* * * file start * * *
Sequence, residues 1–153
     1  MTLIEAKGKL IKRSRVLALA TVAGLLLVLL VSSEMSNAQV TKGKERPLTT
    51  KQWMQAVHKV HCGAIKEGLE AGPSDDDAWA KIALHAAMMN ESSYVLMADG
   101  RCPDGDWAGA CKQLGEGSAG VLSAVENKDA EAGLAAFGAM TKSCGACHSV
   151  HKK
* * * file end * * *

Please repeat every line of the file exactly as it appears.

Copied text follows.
Sequence, residues 1–153
     1  MTLIEAKGKL IKRSRVLALA TVAGLLLVLL VSSEMSNAQV TKGKERPLTT
    51  KQWMQAVHKV HCGAIKEGLE AGPSDDDAWA KIALHAAMMN ESSYVLMADG
   101  RCPDGDWAGA CKQLGEGSAG VLSAVENKDA EAGLAAFGAM TKSCGACHSV
   151  HKK